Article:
Neurotrope, Inc. announced that the last patient has been dosed in its Phase 2a clinical trial of Bryostatin-1 for the treatment of patients with Alzheimer’s disease (AD). The trial is being conducted under an Investigational New Drug (IND) application filed by the Company’s licensor, the Blanchette Rockefeller Neuroscience Institute (BRNI).
Bryostatin is a potent modulator of the enzyme protein kinase C epsilon (PKCe). In preclinical in vivo models, this effect has been shown to play an important role in slowing or reversing AD and restoring cognition, memory and motor skills.
As previously reported, Neurotrope’s Phase 2a study was initiated in late July 2014. The primary objective of the study is to assess safety and tolerability of a single dose of Bryostatin-1. Secondary objectives include the preliminary assessment of efficacy using a variety of clinical measures, including an assessment of improvements in cognition. Management expects final results of the study to be available in January 2015.
Commenting on today’s news, Charles S. Ramat, Chief Executive Officer and President of Neurotrope, stated, “Dosing of the last patient in this Phase 2a study marks an important milestone for patients with Alzheimer’s disease and our company.” Paul Freiman, Chairman of the Company, added, “Given the millions of patients and families affected by this debilitating condition and the overwhelming need for new, novel therapies that may be able to arrest the progression of the disease, we are as committed as ever to pushing forward with the development of Bryostatin-1.”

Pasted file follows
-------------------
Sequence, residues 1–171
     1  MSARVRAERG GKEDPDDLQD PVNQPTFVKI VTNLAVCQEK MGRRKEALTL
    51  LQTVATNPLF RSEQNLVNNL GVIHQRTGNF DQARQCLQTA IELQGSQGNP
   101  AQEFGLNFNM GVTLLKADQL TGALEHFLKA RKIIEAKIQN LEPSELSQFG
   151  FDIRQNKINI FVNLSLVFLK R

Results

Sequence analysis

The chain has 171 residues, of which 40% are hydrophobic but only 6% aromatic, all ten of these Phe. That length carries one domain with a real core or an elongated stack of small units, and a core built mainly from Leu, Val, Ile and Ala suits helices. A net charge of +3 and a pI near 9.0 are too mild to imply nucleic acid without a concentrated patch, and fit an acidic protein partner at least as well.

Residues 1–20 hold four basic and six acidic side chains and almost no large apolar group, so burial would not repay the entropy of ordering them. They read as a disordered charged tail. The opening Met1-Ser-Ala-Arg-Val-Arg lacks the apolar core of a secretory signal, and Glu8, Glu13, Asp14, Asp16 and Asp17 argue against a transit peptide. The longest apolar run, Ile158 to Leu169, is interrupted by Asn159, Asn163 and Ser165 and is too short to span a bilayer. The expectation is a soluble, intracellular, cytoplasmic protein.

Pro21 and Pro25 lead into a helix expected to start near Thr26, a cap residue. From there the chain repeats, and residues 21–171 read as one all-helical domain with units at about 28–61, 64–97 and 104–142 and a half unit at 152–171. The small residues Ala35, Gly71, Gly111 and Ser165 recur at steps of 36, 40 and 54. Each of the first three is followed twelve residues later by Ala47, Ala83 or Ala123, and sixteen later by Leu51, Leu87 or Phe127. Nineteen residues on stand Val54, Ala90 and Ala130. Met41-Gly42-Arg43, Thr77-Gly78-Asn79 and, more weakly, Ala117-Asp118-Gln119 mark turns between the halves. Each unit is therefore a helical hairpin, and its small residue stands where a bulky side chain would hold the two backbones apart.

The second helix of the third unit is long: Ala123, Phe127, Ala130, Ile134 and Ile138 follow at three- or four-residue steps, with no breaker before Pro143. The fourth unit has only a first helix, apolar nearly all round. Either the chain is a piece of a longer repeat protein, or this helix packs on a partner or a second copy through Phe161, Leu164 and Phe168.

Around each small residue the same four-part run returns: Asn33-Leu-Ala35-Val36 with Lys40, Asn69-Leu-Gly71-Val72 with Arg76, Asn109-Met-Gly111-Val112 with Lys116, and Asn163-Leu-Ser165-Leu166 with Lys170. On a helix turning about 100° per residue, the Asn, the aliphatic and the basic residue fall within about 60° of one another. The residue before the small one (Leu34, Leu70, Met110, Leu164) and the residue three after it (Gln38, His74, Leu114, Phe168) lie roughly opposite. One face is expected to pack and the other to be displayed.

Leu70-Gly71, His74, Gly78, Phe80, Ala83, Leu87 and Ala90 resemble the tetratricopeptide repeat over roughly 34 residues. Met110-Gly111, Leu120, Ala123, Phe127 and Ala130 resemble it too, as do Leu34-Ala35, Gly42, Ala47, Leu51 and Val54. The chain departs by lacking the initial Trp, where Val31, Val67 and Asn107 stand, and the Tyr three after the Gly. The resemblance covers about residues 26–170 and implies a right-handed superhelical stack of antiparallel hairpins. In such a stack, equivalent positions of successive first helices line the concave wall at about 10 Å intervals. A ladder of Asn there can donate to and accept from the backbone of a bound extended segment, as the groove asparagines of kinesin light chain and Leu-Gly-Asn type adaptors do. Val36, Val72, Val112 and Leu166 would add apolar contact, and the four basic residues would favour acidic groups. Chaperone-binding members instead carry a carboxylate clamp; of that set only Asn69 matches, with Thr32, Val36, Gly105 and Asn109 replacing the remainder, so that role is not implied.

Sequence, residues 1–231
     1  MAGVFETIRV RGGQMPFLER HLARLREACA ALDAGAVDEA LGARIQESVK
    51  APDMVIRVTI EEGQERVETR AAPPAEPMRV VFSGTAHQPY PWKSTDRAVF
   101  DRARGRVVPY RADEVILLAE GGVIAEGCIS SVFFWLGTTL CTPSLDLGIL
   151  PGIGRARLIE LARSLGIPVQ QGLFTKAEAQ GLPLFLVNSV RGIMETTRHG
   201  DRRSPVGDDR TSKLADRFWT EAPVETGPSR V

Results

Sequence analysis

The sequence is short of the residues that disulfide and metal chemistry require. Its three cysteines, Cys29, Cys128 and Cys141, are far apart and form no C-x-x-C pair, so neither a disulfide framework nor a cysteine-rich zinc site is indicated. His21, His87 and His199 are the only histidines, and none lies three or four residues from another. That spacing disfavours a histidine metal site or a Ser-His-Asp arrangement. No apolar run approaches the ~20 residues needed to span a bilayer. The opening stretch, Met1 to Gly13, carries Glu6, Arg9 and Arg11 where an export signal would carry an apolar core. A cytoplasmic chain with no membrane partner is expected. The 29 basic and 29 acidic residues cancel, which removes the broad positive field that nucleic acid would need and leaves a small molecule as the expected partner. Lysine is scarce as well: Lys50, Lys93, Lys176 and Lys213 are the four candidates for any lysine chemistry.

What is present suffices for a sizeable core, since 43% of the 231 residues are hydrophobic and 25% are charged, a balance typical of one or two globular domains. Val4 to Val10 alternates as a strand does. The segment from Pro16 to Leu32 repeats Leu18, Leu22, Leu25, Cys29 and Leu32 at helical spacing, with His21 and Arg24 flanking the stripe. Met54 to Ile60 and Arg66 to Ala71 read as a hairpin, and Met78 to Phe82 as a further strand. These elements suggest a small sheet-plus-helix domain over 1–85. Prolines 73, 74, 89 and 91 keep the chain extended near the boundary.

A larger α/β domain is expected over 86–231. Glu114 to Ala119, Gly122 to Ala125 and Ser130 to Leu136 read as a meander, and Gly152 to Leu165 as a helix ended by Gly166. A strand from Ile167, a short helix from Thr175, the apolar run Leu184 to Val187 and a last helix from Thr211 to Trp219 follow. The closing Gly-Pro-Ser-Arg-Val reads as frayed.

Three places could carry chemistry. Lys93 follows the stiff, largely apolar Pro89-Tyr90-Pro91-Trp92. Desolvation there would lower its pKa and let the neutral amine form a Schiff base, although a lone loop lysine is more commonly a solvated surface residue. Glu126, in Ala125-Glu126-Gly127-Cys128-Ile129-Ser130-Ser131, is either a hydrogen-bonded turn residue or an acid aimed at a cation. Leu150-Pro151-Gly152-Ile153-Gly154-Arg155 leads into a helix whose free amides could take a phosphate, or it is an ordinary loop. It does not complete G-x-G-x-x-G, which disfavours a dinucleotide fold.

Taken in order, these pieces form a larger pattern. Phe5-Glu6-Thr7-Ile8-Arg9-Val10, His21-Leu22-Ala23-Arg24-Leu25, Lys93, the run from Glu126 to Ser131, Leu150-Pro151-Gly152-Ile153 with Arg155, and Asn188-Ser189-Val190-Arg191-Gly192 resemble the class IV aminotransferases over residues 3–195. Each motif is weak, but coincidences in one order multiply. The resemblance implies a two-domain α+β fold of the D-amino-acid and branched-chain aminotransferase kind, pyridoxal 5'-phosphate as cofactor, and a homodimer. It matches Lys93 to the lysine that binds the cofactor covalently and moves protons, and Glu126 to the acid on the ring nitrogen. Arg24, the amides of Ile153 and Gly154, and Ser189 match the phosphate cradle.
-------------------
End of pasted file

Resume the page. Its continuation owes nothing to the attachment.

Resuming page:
Management notes that it is currently developing a randomized, double-blind placebo controlled, multiple-dose clinical trial to further assess efficacy and safety of Bryostatin-1 in the treatment of AD.
Bryostatin is a natural product produced by a marine invertebrate organism called Bugula neritina and is isolated from organic matter harvested from the ocean. Several variations of this complex product have been achieved in recent years in various academic chemistry laboratories, including bryostatin derivatives being developed through an exclusive license with Stanford University and the existing license agreement with BRNI. These approaches may represent alternative sources of drug supply.